Proposal: support *.s natively via llvm-mc


#1

I saw there has been a lot of discussion about inline assembly, including possibly adding an asm! thing to the Rust language. I think that even if Rust had asm!, there will still be a need to support out-of-line assembly language code. And, it seems relatively easy to support out-of-line assembly language code–easier than adding asm!—by simply ensuring that llvm-mc is included.

My strawman proposal is:

  • Ensure that the standalone llvm-mc assembler is always installed, even if the platform already has an assembler like binutils’s gas or Microsoft’s MASM.
  • Ensure that llvm-mc is easy for build scripts (build.rs) to invoke, e.g. by ensuring it is in $PATH when the build script starts.
  • Ensure that the version of llvm-mc used in Rust is the same across platforms. For example, if Rust 1.7 ships with llvm-mc 3.7.0 on Windows, then llvm-mc 3.7.0 must be used on Linux and Mac.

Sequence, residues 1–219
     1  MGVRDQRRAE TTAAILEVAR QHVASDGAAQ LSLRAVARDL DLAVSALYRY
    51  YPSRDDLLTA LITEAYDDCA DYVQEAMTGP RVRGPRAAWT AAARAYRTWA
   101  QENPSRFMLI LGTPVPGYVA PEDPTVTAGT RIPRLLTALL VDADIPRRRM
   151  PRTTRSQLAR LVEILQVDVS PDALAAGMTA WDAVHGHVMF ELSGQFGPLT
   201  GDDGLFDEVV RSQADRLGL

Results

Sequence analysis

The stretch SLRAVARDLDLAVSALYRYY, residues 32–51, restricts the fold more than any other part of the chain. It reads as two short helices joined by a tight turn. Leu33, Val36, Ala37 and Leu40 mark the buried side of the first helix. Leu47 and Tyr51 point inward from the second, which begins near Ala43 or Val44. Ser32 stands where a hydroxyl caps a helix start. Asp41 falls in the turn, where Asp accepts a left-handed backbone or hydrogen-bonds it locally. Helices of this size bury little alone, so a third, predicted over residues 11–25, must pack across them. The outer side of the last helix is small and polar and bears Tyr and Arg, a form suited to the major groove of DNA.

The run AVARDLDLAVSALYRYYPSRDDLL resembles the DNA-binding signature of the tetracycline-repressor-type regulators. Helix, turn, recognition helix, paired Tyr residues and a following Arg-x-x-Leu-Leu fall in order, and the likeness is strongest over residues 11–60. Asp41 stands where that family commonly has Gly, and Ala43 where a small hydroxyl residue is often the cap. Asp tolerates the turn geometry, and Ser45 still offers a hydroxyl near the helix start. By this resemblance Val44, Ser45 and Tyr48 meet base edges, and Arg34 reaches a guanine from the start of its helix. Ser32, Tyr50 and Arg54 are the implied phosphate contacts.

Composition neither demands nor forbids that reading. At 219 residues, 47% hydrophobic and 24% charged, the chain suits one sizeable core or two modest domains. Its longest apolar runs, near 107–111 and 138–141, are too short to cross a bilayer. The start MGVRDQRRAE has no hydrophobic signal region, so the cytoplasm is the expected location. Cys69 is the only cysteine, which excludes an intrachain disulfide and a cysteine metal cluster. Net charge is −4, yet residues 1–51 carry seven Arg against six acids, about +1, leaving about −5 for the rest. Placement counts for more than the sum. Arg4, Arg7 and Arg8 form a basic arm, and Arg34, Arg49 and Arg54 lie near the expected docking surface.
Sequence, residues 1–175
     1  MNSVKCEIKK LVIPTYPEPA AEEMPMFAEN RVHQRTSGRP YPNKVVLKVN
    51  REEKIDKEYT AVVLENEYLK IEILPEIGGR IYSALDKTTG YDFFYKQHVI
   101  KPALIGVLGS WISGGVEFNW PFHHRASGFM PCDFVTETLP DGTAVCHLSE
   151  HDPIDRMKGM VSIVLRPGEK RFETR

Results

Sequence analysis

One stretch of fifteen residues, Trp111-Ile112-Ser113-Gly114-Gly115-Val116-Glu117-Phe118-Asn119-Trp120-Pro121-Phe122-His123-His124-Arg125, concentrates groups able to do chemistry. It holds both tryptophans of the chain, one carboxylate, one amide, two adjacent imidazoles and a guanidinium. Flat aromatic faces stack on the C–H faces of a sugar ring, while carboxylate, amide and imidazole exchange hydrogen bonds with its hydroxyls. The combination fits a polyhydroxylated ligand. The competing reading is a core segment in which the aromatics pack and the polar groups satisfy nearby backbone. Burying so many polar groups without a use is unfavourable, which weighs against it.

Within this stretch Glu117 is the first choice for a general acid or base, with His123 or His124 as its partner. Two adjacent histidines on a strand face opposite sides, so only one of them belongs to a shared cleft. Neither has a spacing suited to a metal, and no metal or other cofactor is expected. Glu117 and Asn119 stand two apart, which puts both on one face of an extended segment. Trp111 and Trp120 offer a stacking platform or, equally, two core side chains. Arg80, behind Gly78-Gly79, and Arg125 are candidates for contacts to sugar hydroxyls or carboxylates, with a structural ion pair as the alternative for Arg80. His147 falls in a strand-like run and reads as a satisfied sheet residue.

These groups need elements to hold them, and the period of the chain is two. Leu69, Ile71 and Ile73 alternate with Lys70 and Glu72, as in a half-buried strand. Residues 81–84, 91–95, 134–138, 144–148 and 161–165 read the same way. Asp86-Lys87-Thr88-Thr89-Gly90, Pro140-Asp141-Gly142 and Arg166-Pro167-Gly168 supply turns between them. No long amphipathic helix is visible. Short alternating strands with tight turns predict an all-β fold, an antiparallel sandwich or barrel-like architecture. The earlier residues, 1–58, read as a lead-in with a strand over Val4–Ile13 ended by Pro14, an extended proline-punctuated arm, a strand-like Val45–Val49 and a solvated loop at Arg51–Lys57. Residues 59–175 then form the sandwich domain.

• (Eventually) add support for assembling *.s files directly to Cargo, so that build scripts using the GCC crate aren’t necessary.

Why wouldn’t adding asm! to Rust be sufficient support for assembly language?

  1. It is a lot of very tedious work to write assembly language code. By its nature, it is difficult to maintain. Thus, it is useful to share assembly language code across projects as much as possible, in a single form. For example of how having to maintaining real-world assembly language code in multiple formats can go terribly wrong, take a look at the Go version of Intel’s P-256 ECC point multiplication code vs the BoringSSL version of the same code, which is a variant of the OpenSSL version of the code. (I’ve started this thread, partially, to avoid needing to create and maintain a third variant, Rust + !asm, of that code and ~50,000 lines of similar code.)